IT sector CO2 emissions equal to airline industry.

The ICT industry worldwide accounts for 2pc of global carbon dioxide (CO2) emissions – equal to that of the aviation industry – which analyst firm Gartner warns is unsustainable.

The 2pc of CO2 emissions that the ICT industry is responsible for includes the in-use phase of PCs, servers, cooling, fixed and mobile telephony, local area networks, office telecoms and printers.

As well as a social responsibility issue for the global ICT sector, its environmental impact will also become a business issue due to intense media coverage making environmentalists out of millions of people and this could affect buying decisions.

Here at Green ISP, we have been trying to raise the awareness of such issues since 2002/3 and have been doing our best to act in ways that reduce our impact on the environment.
(see: http://www.greenisp.net/about.htm

Other interesting reading:

http://green.itweek.co.uk

http://www.siliconrepublic.com


Dell
have unveiled two servers designed to reduce power consumption and deliver dramatic improvements in performance and performance per watt for enterprise customers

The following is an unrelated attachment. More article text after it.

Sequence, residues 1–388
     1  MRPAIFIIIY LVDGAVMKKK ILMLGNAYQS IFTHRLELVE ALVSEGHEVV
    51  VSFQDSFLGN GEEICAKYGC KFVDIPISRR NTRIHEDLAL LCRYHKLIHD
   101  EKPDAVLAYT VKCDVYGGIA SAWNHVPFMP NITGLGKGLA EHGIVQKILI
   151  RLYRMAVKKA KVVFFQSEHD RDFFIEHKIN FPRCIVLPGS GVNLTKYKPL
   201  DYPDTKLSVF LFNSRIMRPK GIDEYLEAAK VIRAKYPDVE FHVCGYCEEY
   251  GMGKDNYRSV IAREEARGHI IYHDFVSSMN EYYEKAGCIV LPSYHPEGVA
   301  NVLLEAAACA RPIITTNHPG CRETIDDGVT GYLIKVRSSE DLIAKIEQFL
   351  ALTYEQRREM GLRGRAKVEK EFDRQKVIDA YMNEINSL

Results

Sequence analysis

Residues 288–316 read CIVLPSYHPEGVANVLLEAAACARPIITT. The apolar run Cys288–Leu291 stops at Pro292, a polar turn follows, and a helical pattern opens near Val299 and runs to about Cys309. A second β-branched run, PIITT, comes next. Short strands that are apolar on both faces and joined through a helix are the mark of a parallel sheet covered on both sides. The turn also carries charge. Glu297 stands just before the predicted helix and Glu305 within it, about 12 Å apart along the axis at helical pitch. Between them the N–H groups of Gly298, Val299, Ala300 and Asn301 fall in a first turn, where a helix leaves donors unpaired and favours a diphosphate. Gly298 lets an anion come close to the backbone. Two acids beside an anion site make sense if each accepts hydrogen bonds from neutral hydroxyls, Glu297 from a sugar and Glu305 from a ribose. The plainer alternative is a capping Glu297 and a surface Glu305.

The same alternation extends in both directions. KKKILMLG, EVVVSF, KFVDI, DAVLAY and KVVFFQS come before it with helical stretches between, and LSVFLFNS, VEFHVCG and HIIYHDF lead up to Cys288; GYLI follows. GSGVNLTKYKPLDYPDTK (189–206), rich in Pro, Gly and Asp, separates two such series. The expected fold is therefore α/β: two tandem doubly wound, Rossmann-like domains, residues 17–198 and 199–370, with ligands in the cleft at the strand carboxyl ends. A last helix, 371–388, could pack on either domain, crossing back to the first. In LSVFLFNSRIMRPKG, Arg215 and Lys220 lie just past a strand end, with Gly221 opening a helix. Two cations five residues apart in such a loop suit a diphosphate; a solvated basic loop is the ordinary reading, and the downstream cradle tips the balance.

http://www.amdzone.com/


 
 

What to do?

New technology can help, though. Virtualisation, coupled with a comprehensive infrastructure management system, can create a framework that gives IT chiefs the option to power-down certain systems.

Despite the advantages that virtualisation offers, many enterprises still run infrastructures built on the inefficient one-server-per-application model. However, a more flexible approach is being advocated by a number of vendors. HP, for example, is promoting its NonStop high-availability server as a "state database engine" that can underpin an almost limitless range of cheap Linux servers. The NonStop engine holds data about the current state of every server so that, if one fails, its state can be reloaded onto a spare machine, and the status quo is maintained.

And then there are application virtualisation tools such as Softricity's SoftGrid technology, which pushes just the application code needed to run any one task off the server and out onto the desktop PC. That way, there is no need to load the whole application in either location. Though SoftGrid is targeted at Microsoft desktop PC environments for now, the technology should in theory scale to a state engine/racks of servers model in the future.

Combined, these technologies could enable IT departments to save money on both energy and hardware, while providing them with far greater operational flexibility.

http://www.itweek.co.uk

http://news.zdnet.co.uk

http://mobile.vnunet.com

May/June 2007